Ambiguity over new Astrazeneca bottlenecks in Q2 – world –

Corona vaccines
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At the corona vaccine manufacturer Astrazeneca, there may be further delivery bottlenecks. Company representatives had reported possible production downtimes in Europe to the European Union for the second quarter, said an EU representative on Tuesday evening in Brussels. But these amounts could theoretically be made up for by other vaccine factories owned by the manufacturer. There is still no accepted delivery schedule for the quarter.

Astrazeneca announced on request in the evening that they wanted to fulfill the contract for the second quarter according to the latest forecast. About half of the cans promised should come from European production. The company will provide the rest from other parts of the world. Where the vaccine was supposed to come from was not stated in the communication.

“Astrazeneca is working to increase productivity in its European supply chain and continue to leverage its global capabilities to deliver 180 million cans to the EU in the second quarter,” added.

Previously there had been media reports that the group wanted to cut delivery in half to 90 million cans in the second quarter. However, the Commission did not want to confirm this either. Officially, it was said that negotiations with Astrazeneca about the delivery schedule were still ongoing. The company is in the process of “refining and consolidating the plan, based on all available production facilities in Europe and outside”. The Commission expects “an improved proposal for a delivery schedule”.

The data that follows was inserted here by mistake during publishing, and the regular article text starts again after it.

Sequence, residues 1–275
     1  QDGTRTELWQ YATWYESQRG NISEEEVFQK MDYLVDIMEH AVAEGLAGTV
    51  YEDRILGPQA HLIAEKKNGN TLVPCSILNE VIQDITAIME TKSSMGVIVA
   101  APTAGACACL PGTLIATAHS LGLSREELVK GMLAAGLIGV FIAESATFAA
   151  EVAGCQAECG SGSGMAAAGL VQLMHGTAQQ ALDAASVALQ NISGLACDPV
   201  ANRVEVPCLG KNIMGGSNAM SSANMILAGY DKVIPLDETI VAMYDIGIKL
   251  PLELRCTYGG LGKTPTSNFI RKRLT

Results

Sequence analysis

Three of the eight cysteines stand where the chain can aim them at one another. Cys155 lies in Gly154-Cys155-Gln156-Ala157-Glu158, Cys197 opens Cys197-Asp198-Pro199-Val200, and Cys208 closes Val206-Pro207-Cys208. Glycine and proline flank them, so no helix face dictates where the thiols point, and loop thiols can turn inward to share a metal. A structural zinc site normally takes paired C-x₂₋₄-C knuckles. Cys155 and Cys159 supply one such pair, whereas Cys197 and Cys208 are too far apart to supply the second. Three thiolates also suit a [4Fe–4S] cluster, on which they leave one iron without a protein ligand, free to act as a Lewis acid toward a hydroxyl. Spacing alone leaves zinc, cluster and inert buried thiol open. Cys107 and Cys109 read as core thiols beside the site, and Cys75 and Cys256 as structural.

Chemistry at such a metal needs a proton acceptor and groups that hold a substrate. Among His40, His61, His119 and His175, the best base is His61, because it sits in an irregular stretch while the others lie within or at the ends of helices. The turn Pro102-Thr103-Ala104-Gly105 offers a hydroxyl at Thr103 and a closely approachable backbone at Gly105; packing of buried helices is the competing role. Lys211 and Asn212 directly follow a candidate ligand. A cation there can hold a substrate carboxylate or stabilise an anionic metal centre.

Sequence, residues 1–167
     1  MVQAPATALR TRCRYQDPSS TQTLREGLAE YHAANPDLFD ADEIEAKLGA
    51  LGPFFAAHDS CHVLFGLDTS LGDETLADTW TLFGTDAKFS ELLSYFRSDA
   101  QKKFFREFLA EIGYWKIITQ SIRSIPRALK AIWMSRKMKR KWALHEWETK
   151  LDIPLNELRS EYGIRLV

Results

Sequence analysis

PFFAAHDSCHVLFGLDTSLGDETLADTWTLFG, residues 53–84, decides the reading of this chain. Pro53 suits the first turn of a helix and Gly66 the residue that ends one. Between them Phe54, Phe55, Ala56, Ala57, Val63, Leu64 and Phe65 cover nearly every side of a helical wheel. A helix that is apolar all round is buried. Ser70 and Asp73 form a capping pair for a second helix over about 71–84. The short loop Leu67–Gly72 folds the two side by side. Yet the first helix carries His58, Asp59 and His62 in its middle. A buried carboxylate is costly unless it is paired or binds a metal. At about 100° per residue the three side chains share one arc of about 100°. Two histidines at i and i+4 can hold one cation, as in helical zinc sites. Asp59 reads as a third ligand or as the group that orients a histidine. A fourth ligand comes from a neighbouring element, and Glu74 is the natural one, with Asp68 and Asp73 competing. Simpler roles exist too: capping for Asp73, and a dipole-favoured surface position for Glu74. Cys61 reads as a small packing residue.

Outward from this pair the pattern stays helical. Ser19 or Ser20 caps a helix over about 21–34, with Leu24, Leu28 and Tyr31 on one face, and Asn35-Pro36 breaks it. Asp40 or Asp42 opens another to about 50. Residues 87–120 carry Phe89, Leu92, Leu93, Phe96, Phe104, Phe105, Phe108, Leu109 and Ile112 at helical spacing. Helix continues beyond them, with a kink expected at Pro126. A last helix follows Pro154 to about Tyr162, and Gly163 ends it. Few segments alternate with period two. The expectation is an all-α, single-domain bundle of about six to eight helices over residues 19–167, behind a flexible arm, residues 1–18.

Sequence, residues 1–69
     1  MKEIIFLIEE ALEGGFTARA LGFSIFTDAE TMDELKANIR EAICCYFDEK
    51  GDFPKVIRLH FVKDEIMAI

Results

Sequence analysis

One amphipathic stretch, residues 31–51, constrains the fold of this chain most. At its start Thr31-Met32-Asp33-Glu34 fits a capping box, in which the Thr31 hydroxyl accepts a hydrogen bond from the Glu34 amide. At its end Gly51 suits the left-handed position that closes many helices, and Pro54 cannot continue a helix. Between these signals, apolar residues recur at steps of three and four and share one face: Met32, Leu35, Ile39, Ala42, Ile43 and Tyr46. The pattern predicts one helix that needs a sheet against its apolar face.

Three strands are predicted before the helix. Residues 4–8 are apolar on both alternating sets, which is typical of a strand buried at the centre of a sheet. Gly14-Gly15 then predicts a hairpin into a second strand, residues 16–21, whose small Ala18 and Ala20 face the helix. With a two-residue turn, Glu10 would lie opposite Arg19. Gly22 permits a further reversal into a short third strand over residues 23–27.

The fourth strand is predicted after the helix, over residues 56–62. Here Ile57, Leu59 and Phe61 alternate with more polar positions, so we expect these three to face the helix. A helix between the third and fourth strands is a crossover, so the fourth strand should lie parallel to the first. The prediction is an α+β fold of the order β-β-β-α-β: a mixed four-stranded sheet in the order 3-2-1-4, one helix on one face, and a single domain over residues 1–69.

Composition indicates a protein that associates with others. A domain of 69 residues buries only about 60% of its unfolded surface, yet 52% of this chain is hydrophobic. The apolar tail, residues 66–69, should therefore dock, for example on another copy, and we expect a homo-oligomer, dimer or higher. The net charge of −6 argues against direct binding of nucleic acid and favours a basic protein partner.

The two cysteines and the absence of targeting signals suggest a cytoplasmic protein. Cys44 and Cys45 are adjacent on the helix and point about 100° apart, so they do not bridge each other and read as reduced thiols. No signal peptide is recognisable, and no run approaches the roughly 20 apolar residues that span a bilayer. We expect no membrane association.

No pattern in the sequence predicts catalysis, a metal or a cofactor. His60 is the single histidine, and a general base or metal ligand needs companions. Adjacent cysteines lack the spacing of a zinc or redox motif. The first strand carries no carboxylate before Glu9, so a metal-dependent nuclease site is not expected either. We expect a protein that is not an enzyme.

At the end of January, Astrazeneca had surprisingly announced a drastic reduction in delivery volumes to the EU: Instead of 80 million cans, the British-Swedish company wanted to deliver only 31 million cans to the EU due to production bottlenecks in Europe. Eventually, the company pledged 40 million cans through the end of March. However, it is unclear whether this amount will really be achieved, it said from EU circles.

In addition to the AstraZeneca vaccine, a vaccine developed jointly by Biontech and Pfizer and a product from Moderna have so far been approved in the EU. There were also delivery delays here. The manufacturing process is complex, the facilities for it are limited and there are supply bottlenecks for components.

In Austria, Ursula Wiedermann-Schmidt, scientific head of the national vaccination committee, wants to approve AstraZeneca’s corona vaccine for people over 65. There is now enough data, said the vaccinologist in the ORF news program “ZiB”. They want to adapt the recommendation to the effect that “there is no reason to make an age difference here when using the vaccines”.

It is easier for the logistics and the application of the vaccines, “if you say that all vaccines that are available can be used in the same way for all age groups,” emphasized Wiedermann-Schmidt. The recommendation to the health minister could be made this week and thus speed up the vaccination strategy, the report said.


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